As such, the expected DPS increase for Deadly is 0.05*(M-V).

Much like steady, Deadly doesn't care about your current stats as long as your C isn't already greater than P, it's just a flat expected % damage increase. But how does it compare to Steady?

Taking Steady and subtracting Deadly from it, we find:

0.05*V - 0.05(M-V)
0.05*(V - M + V)
0.05*(2V-M)

So the difference between the two is the difference between twice the average damage, and the maximum damage. Twice the average damage is always 1 higher than the maximum on any die, however. So Steady is better than Deadly by 0.5 damage per die of your attack.

Deadly gets a leg up if you already have so much C that you don't P to begin with, and start displacing hits - like if you're a tactician with the +6C buff, or an archer using -10P abilities, in which case the damage can be estimated to be more like:

0.05*(M-V+B) in cases where V>=B+4
or
0.05*(M-B) in cases where B=>V

The reason for this is better explained in the next section, where I talk about accuracy. In these cases, where you're displacing hits instead of penetrates, Steady often doesn't give any bonus penetrates at all, and can be rejected as a comparison.

+2A, Precise

One of the more appealing, general options is Precise, for +2A. The expected damage from Precise is complicated, as you're adding in hits that are mitigated by enemy barrier values. It's tempting to say this is V-B, but that isn't the truth: If you're rolling 1d6 damage against a barrier value of 4, your V-B is in the negatives, yet you deal damage on a roll of 5 or 6, leaving your expected damage value on a hit to be 0.5. Not great, but it's something! Each die roll to defense combination has to be calculated out individually, but we're mostly looking at that V-B term, and can make a few statements:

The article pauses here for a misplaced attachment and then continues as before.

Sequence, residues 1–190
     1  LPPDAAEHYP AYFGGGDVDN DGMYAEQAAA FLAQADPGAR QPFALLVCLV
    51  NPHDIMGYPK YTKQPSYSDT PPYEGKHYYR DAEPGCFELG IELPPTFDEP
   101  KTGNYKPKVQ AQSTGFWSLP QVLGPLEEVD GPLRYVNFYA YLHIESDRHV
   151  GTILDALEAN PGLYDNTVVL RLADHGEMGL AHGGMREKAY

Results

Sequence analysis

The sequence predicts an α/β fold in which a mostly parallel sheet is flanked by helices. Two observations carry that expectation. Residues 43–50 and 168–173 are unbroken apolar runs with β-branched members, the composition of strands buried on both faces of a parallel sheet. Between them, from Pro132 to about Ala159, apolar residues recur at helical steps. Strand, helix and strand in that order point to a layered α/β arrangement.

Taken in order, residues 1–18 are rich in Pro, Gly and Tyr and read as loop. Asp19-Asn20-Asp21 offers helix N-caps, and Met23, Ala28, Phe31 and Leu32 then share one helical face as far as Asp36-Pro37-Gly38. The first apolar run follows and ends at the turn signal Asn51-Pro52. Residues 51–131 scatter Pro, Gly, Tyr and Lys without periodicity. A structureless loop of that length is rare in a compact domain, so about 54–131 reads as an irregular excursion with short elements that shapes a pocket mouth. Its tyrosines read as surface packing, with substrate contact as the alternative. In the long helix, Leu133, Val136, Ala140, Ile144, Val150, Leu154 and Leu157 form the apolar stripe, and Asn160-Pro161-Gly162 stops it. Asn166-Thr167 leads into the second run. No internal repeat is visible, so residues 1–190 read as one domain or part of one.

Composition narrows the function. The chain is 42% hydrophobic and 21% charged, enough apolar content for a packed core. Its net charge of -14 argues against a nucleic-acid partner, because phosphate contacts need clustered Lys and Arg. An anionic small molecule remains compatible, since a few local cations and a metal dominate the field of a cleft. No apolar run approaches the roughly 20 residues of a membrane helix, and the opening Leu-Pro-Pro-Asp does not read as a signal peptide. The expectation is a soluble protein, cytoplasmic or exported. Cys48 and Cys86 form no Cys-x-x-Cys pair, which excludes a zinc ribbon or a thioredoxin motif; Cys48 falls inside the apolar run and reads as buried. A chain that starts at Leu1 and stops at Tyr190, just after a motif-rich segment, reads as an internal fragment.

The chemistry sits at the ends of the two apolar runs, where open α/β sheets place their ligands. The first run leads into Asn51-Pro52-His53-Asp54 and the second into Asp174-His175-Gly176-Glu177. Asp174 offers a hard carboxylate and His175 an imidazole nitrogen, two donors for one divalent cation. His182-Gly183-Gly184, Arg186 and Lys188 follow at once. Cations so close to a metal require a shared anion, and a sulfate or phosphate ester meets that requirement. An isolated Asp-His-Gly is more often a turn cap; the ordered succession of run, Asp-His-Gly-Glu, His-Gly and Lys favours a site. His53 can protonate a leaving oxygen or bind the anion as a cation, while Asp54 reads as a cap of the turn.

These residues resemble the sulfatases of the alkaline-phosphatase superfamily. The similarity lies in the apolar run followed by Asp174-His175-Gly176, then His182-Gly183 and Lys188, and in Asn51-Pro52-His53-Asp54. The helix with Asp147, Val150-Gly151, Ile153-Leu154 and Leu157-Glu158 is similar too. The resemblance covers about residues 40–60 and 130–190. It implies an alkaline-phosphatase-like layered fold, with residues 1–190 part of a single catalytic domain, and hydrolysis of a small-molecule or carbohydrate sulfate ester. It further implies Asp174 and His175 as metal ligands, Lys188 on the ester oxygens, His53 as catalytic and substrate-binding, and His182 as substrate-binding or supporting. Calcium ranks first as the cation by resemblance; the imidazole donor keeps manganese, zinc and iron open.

In cases where your MINIMUM damage is equal to or above the barrier value, V-B applies. So for a 4 toughness enemy, 4d6 ,or 2d12+2 both have V-B equal to the expected damage.

In cases where B is greater than or equal to M, our expected damage is a flat 0.

Everything else is a curve between the two where the actual expected damage moves away from V-B the smaller V-B is. My general rule of thumb is: as long as V>(B+4), V-B is a good stand-in for our expected value. The more dice we're rolling, the more true this is as well.

So how much damage does +2A add? It's simply the expected value of two hits, or 0.10*(V-B). The higher your average damage over the enemy barrier value is, the better accuracy bonuses are. It's also worth noting that accuracy bonuses help out by making your riders a lot more common - if you deal poison on a successful hit, your poison application chance jumps up by 10%, too. That's pretty good!

+2P: Powerful

The expected damage of a penetrating hit is pretty easy: 0.05*V, however, we're displacing a normal hits to do so. As such, our math instead looks like:

0.10*(V) - 0.10*(V-B)